Libaries are one of the most important resources a community can have. Recently, these sources of literary opportunity have been constantly under battle to keep themselves afloat. Between continued fights to not just increase funding, but to maintain the level that they are currently working with, libraries seem to always be trying to figure out how to do more with less, and that narrative persists with austerity measures that constantly attack what are the least costly government programs.
While some library systems are able to do more with less, some just can’t persist in running every branch, and with utter pain and sadness have to close, leaving communities without the resources they deserve. This does not sit well with these communities,with many already voiceless, and more recently has not sat well with authors, who are leveraging their voices for people who already tend to be unheard. In England, as has happened around the world, many authors are standing up for people and against library cuts.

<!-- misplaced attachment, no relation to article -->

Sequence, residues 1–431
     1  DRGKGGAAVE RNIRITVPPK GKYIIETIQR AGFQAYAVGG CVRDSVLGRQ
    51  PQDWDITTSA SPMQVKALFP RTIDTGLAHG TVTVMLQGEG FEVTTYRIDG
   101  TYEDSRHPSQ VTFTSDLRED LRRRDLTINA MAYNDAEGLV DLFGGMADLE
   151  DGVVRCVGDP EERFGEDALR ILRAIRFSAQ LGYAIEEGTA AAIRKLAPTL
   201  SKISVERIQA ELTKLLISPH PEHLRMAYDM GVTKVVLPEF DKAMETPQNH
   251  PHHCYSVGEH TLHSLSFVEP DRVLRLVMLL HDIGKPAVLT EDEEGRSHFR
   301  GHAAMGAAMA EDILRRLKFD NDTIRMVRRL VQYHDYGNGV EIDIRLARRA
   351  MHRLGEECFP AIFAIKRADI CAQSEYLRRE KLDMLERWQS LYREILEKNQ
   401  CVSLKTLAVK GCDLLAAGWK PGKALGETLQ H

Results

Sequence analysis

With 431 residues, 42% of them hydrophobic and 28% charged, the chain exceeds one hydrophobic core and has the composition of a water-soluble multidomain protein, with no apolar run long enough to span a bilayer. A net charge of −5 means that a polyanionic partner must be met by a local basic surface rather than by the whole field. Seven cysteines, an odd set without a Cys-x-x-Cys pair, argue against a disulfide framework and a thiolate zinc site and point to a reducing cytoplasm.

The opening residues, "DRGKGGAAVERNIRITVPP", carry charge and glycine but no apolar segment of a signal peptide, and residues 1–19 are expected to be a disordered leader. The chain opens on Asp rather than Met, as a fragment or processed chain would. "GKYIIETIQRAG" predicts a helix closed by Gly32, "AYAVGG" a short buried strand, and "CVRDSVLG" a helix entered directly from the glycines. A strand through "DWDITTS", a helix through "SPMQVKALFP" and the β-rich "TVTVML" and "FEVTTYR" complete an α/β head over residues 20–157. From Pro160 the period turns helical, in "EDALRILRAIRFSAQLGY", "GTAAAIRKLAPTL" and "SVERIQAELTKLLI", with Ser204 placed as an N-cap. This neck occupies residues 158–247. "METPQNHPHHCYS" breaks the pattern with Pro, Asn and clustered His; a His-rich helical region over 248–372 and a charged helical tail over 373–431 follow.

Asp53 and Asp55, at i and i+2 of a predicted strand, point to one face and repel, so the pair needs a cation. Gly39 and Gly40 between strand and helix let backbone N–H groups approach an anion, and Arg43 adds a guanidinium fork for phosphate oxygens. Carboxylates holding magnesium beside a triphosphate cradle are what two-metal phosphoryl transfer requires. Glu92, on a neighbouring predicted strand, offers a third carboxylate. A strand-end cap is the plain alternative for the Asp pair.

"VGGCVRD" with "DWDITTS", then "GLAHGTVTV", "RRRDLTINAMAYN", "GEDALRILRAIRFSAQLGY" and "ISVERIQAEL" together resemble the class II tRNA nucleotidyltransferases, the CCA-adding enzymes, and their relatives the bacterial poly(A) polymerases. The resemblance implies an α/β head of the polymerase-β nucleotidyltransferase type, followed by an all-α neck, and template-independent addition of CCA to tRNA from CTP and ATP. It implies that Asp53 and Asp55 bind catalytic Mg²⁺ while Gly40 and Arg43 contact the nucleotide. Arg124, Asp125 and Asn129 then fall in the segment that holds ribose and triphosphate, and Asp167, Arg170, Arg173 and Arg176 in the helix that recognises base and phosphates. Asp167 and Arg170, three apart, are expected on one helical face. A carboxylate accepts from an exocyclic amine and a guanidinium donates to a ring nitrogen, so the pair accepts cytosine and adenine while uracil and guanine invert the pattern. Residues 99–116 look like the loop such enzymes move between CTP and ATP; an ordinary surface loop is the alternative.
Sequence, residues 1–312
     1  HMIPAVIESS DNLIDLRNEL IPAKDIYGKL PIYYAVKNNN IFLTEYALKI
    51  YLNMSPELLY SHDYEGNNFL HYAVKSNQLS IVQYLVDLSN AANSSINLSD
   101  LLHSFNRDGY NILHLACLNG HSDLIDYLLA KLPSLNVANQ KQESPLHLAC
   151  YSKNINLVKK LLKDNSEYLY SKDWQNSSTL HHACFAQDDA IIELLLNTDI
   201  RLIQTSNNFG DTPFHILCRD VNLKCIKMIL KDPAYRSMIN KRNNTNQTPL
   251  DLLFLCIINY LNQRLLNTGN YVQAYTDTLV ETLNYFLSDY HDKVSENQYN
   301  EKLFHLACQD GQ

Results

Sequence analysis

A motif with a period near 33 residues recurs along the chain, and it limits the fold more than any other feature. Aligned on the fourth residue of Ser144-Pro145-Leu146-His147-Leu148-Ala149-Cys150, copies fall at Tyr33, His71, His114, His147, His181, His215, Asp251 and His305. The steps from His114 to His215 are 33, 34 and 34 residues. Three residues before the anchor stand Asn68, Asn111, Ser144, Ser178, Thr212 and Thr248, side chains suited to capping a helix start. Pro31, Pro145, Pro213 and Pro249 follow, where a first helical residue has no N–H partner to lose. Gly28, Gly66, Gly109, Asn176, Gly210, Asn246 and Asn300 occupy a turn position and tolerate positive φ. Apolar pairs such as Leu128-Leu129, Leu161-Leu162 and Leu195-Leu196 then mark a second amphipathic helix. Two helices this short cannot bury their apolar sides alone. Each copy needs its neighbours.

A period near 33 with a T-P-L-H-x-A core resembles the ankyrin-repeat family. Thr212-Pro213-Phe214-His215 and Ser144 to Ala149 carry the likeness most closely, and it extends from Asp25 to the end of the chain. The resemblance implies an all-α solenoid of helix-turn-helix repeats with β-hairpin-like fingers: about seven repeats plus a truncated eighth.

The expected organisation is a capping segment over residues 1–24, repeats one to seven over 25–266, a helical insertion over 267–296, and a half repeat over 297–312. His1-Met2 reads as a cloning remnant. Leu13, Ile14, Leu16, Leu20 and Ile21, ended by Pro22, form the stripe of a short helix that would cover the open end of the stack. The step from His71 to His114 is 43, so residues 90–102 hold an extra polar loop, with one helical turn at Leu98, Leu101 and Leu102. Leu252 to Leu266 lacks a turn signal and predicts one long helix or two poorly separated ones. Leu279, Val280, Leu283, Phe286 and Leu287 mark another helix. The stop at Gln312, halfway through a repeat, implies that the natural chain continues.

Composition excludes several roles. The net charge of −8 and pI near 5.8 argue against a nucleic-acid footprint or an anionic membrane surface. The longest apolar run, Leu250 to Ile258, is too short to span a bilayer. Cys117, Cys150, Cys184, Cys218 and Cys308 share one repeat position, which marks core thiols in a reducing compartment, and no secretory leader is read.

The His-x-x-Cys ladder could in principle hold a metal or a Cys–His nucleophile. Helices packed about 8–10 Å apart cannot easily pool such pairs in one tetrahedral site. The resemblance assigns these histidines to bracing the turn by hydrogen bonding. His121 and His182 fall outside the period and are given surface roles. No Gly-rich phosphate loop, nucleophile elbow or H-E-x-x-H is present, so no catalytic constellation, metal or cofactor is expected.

In England specifically, since 2010 and the leadership of David Cameron, cuts to councils have been maintained as the normal. Thus, one in eight libraries have closed or have no longer been run by the private sector and spending fell by 1/5 from 2010 to 2015. Librarians have lost their jobs, and volunteers recruited in a way to make librarianship a deprofessionalized occupation.
Chris Riddell, the Children’s Laureate, and Michael Rosen, former Laureate (2007 to 2009), are a couple of those adding support to the movement against such cuts in spending, pointing out the hypocrisy of the governments that “stand by” the people, and yet cut away at the centers that promote learning and provide a communal environment.
Neil Gaiman has also spoken out stating that cutting spending is “stealing from the future to pay for today.” His words echo the sentiments of author and march organizer, Alan Gibbons, who finds libraries to be places of opportunity and learning, “They provide advice, books, computers, storytelling, information and education. Any government that allows them to close can’t claim to want a literate society. You don’t know what you’ve got until it’s gone.”
In a world which feels ever more dystopian with budget cuts and closing, it would seem that libraries would be an easy target. Therefore it is important for citizens in all countries, not just England, to stand with their library against closures and cuts, recognizing the importance of places with open and safe spaces, promoting learning and literacy. It is also up to authors and those that have a slightly larger spotlight to speak up as well.
What is your favorite library? Do you know of any other authors who are speaking up for libraries?
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h/t The Guardian